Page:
Tips for Choosing A Fishing Kayak
Fishing kayaks come in all different shapes and sizes and it's important that you choose the right one. Because not only will it let you get the most enjoyment out of your time on the water, it'll make you safer on the water.
When choosing a fishing kayak, narrowing down your options is actually pretty easy, and it starts with identifying how and where you'll be using it:
• Will you be fishing small sheltered bodies of water like ponds and small lakes?
• Or will you be taking the kayak on big bodies of water that are exposed to wind and waves?
• What's the water temperature going to be like?
• And when it comes to performance, is it more important to have a kayak that's fast and responsive?
• Or are you more concerned about having a kayak that is stable and difficult to tip over?
With these questions in mind your first and biggest decision will be whether to get a sit-inside kayak or a sit-on-top kayak.
Sit-on-top kayaks are the most user friendly fishing kayaks. They're very stable and easy to get in and out of, and there's no feeling of confinement on them. They're also self bailing, which means the water drains through small holes called scupper holes. They go right through the bottom of the kayak. This means you can't swamp a sit-on-top kayak. Another great safety feature is that sit-on-tops are much easier than sit-insides to get back on to from the water, if for some reason you fall off. The one downside to sit-on-top kayaks is that you're almost guaranteed to get wet while paddling, while sit-inside kayaks allow you to stay dry.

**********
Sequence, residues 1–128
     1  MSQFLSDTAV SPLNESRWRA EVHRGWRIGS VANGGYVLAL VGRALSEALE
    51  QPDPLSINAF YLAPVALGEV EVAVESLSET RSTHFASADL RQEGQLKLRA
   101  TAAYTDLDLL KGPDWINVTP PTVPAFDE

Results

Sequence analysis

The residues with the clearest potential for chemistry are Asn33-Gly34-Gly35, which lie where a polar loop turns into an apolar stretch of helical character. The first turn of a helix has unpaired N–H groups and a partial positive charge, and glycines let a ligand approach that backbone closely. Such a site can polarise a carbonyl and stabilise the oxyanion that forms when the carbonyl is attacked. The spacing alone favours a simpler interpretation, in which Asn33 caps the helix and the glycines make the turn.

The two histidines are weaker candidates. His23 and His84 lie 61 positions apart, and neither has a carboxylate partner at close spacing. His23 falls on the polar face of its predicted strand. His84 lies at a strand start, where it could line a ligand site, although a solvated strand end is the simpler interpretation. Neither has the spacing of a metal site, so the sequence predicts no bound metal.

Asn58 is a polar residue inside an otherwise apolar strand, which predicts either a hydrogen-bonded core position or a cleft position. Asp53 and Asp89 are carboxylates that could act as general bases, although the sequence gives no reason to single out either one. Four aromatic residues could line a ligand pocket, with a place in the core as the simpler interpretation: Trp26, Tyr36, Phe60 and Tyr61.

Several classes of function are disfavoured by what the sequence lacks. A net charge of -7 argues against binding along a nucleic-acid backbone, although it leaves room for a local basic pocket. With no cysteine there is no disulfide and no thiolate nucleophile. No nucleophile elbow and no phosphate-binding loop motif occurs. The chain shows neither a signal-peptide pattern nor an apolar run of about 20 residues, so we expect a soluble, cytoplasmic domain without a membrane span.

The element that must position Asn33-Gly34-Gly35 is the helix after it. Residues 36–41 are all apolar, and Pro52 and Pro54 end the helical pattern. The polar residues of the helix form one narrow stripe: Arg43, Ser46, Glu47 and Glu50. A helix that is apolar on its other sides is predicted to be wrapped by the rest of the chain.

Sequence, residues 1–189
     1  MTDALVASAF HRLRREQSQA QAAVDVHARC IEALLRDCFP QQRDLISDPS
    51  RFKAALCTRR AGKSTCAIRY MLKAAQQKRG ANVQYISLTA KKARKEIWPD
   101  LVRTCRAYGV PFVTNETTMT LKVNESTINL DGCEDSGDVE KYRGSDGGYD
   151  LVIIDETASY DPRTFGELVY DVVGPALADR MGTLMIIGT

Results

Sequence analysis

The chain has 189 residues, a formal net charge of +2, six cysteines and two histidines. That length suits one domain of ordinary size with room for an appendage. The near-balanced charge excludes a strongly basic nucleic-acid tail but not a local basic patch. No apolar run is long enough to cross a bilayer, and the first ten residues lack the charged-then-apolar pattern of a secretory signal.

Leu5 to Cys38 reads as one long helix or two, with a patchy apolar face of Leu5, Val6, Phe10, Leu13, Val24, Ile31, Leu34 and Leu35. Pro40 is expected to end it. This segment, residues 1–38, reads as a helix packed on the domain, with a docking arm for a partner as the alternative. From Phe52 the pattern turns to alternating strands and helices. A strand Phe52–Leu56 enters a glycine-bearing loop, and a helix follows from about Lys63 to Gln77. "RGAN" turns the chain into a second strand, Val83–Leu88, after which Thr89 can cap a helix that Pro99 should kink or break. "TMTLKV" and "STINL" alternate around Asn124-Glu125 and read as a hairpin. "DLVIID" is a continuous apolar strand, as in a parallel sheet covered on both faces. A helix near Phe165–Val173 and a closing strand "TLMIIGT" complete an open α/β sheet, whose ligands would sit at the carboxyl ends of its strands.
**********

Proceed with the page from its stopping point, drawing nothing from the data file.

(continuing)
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Sit-inside kayaks can be a good option for anglers who will be in cooler water, who want to stay dry while paddling, and who want a faster moving kayak. Just keep in mind that if you flip a sit-inside kayak, recovery is not necessarily a simple process because the kayak may swamp. As you're learning, try to stay in sheltered water or close to shore so you can swim in if you need to.
Once you've decided on whether to go for a sit-inside or sit-on-top kayak, you'll need to decide on a length for your fishing kayak. As a general rule, a long and narrow kayak will be faster, while a short and wide kayak will be slower but more stable. If you are only going to be fly fishing and sight casting, a short, wide, and stable boat is a great choice because standing is easy. The trade-off is that the kayak will be pretty slow and not ideal for paddling any real distance. On the flip side, if you want to cover more ground or maybe even troll offshore, you might want to choose a longer, narrower kayak that travels through the water more efficiently.
Once you decided on the style and size of kayak, there's one more key decision to make: Do you want a pedal kayak or do you want a paddle kayak? Traditionally kayaks are powered by paddles, but there are a number of companies that now offer pedal kayaks. One of the benefits of pedal kayaks is that they leave your hands free for fishing. The downside is that they're less maneuverable and heavier than other kayaks. The pedal system also works less efficiently in really shallow water. If you do decide on a pedal kayak, something to keep in mind is that it's very important you have a good paddle on board as a backup.
At this point you dramatically reduce your options, and most of your decisions will now impact the comfort of your kayak, and relate to features of convenience for the type of kayak fishing you're going to do.
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